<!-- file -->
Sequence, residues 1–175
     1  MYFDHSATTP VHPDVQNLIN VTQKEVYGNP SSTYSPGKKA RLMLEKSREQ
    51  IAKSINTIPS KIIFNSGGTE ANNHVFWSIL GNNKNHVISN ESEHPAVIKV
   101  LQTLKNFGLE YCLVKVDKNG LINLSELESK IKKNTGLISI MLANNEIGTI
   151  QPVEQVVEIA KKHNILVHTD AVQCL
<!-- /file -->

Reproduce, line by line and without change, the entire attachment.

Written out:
Sequence, residues 1–175
     1  MYFDHSATTP VHPDVQNLIN VTQKEVYGNP SSTYSPGKKA RLMLEKSREQ
    51  IAKSINTIPS KIIFNSGGTE ANNHVFWSIL GNNKNHVISN ESEHPAVIKV
   101  LQTLKNFGLE YCLVKVDKNG LINLSELESK IKKNTGLISI MLANNEIGTI
   151  QPVEQVVEIA KKHNILVHTD AVQCL